Ever since the financial crisis and recession hit in 2007, there has been an increased interest in inequality and it’s effects on economic growth. Most of these arguments have been founded on questions of morality, but also some on pragmatism. Emmanuel Saez at the University of California-Berkeley found that 95% of income gains in the two first two years of the recovery after the Great Recession have gone to the top 1% of income-earners in the United States, leaving the rest of society lagging. More globally, 85 of the richest families in the world control ₤1 trillion ($1.6 trillion), roughly the same as the bottom 3.5 billion people.
The issue of inequality and its effects on growth have been debated for a while. One of the earliest hypotheses was put forward by Simon Kuznets back in the 1950s and 1960s, known as the Kuznets curve. This curve basically showed that, empirically, economic development results first in increasing inequality, reaches a peak, and then reduces inequality. The growth in countries like South Korea and Taiwan has largely debunked this hypothesis. An argument put forward by some academics and leaders is that inequality provides incentives for entrepreneurship due to the fact that they have so much to gain. In poor countries, Robert Barro has written that inequality can lead to growth by letting a few individuals get a good education and invest in businesses. Others, in particular Nobel laureate Joseph Stiglitz, have argued that global inequality distorts economic growth through political economic power that promotes rent-seeking and weak corporate governance over strengthening human capital and ideas of fairness.
Through this quagmire, the IMF recently waded into this global argument with a new paper written by Jonathan Ostry, Andrew Berg, and Charalambos Tsangarides about both the effects of inequality on growth and redistribution’s inequality on growth. In particular, they make a distinction between what they call “market inequality”, which is inequality before taxes and transfers, and “net inequality”, or inequality after taxes and transfers. One of the main conclusions from the study is that more unequal societies tend to redistribute more. This is mostly skewed from industrial states, especially in Europe, that have large amounts of redistribution, cutting down their net inequality.
The bulk of this study focuses on the findings that the higher the net inequality, the lower the real growth rate on GDP. It also finds no statistical significance on redistribution affecting GDP growth. An example given is that an increase in inequality from the level of the United States (ranked 37) to the level of Gabon (ranked 42) would shave 0.5% off of GDP. The last part of the study looked at the duration of the growth spells. Again, the results show that higher rates of inequality are correlated with a higher risk that the spell of growth will end. Turning to redistribution, if there is already a large amount of redistribution in society, such as in some of the developed countries, further redistribution hurts growth. However, for the lower 75% of countries in the world, redistribution has no discernible effect on the duration of growth.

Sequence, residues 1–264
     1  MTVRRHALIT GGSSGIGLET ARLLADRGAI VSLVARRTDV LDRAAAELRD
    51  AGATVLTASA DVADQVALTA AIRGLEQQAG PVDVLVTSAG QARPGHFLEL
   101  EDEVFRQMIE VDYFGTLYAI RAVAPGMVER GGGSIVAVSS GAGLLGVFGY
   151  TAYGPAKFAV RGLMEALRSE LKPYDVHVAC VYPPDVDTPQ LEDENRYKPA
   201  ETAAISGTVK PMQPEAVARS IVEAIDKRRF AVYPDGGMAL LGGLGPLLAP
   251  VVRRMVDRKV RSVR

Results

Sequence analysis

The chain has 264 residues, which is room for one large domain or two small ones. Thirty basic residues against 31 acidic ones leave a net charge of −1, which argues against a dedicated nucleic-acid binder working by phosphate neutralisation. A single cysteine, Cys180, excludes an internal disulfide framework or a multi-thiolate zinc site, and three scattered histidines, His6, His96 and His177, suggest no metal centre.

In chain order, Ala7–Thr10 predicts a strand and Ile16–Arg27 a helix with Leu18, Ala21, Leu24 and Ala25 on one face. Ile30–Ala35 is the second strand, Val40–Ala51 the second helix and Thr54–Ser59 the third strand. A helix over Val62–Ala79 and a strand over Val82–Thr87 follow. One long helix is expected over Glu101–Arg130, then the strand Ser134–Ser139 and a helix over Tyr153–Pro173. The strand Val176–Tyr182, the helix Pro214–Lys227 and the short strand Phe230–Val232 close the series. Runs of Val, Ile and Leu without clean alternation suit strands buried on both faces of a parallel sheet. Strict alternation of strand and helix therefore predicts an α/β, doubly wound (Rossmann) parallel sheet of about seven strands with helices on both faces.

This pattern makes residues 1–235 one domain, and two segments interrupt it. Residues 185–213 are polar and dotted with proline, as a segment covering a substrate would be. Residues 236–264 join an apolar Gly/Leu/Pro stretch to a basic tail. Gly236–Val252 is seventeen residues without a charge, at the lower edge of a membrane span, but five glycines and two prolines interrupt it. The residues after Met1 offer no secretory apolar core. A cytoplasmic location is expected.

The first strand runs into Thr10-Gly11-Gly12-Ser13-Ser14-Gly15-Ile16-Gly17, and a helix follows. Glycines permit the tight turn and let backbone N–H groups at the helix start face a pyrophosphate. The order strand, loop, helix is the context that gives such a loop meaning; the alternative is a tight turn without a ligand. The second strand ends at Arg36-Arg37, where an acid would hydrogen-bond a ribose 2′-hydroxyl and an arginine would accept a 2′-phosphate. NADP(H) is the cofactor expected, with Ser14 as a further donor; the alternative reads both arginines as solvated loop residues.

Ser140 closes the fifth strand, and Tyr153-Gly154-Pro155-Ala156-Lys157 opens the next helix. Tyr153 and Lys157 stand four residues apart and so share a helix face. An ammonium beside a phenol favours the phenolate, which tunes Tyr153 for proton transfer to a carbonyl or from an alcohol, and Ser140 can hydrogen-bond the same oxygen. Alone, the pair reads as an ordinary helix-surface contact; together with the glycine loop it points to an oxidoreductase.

There are a few caveats that need to be addressed with this study, though relatively minor ones. As with any statistical study, these are only correlations, and correlation should not be confused with causation. Data on redistribution is also light, with this study using a proxy of direct taxes and subsidies. Amazingly, they don’t include government provisions, such as health and education. Both of these factors have been proven in various studies to have positive impacts on growth, including studies from the World Health Organization showing adult survival rates improving GDP growth to studies by Eric Hanushek and Ludger Woessmann showing how years of schooling is correlated with higher GDP growth. As these factors are a little more difficult to quantify, it’s understandable that they were not included in the redistribution factors. However, the results of these studies, along with others, show a general trend that countries could improve education and health spending along with other measures to reduce inequality while having economic growth at the same time.